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Let the stochastic process $\{X_t \}_{t \in \mathbb{N}}$ be defined as $$X_t = \sum_{i = 0}^{\infty} \phi^i W_{i-t} $$

where $\phi \in \mathbb{R}$ and the $W_i$ are white noise with $ W_i\sim N(0, \sigma) \forall i \in \mathbb{Z}$. It is well known in econometric theory that these kind of processes are solutions to auto-regressive (and ARMA) type equations.

It is quite natural to wonder if the associated distribution function to the process

$$ F_t(x) = P(X_t \le x) \quad x \in \mathbb{R} $$

has a density (this type of question is asked all the time in the theory of stochastic differential equations, that is when we have continuous time $t$). So do we have a density in this case and can it be recovered explicitly?

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  • $\begingroup$ Is the following correct? For $|\phi| < 1$, $X_t = W_{-t}+\phi W_{1-t}+\ldots \sim \mathcal{N}\left(0,\sigma^2\sum_{i=0}^\infty \phi^{2i}\right) = \mathcal{N}\left(0,\frac{\sigma^2}{1-\phi^2}\right)$ $\endgroup$ – Timothy Hedgeworth Feb 28 at 17:24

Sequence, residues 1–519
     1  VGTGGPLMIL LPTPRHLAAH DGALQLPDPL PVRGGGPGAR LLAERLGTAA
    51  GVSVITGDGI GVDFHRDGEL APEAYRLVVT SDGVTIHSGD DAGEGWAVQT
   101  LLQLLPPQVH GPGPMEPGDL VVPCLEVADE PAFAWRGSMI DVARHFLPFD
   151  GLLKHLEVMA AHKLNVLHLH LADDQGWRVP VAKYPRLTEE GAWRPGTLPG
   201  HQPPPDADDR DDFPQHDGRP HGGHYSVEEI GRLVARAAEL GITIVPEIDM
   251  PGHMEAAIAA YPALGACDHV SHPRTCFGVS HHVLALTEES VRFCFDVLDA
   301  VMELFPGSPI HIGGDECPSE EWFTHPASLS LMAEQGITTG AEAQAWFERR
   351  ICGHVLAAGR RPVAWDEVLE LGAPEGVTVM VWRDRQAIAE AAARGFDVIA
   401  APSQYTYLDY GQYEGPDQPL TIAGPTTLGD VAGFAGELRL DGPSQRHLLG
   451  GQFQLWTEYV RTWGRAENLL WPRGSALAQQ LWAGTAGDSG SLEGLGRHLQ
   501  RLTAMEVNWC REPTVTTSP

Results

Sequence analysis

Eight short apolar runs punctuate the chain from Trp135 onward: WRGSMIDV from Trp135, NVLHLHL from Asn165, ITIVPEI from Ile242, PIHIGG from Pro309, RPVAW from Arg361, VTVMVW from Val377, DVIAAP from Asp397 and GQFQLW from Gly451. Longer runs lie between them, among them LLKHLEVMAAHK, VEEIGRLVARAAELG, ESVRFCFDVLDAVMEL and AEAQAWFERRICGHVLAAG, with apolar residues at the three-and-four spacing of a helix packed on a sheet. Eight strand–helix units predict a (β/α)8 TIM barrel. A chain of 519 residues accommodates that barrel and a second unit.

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To expand Hedgeworth's comments, we need two premises to hold in order to have $$ X_t \sim N(0,\sigma^2 \sum_{i=0}^\infty \phi^{2i})$$ (Note that I use $\sigma^2$ to represent the variance of $W_i$).

  1. The elements in the summation are independent. This premise allows a normal distribution of the sum.
  2. The elements are not correlated. This premise allows the variance of the sum to be simply the sum of the variance.

We can easily prove the second premise by calculating that the $cov(\phi^i W_{i-t}, \phi^j W_{j-t})=0$.

The independence is a bit less obvious. Given your wording of the problem, my understanding is that the white noises are independent across the elements in the summation because you allow different subscripts for $W_{i-t}$ over different i.

So both premises hold and $$ X_t \sim N(0,\sigma^2 \sum_{i=0}^\infty \phi^{2i})$$

Note that it is not common to have both the premises satisfied in a typical stochastic process in the econometric theory.

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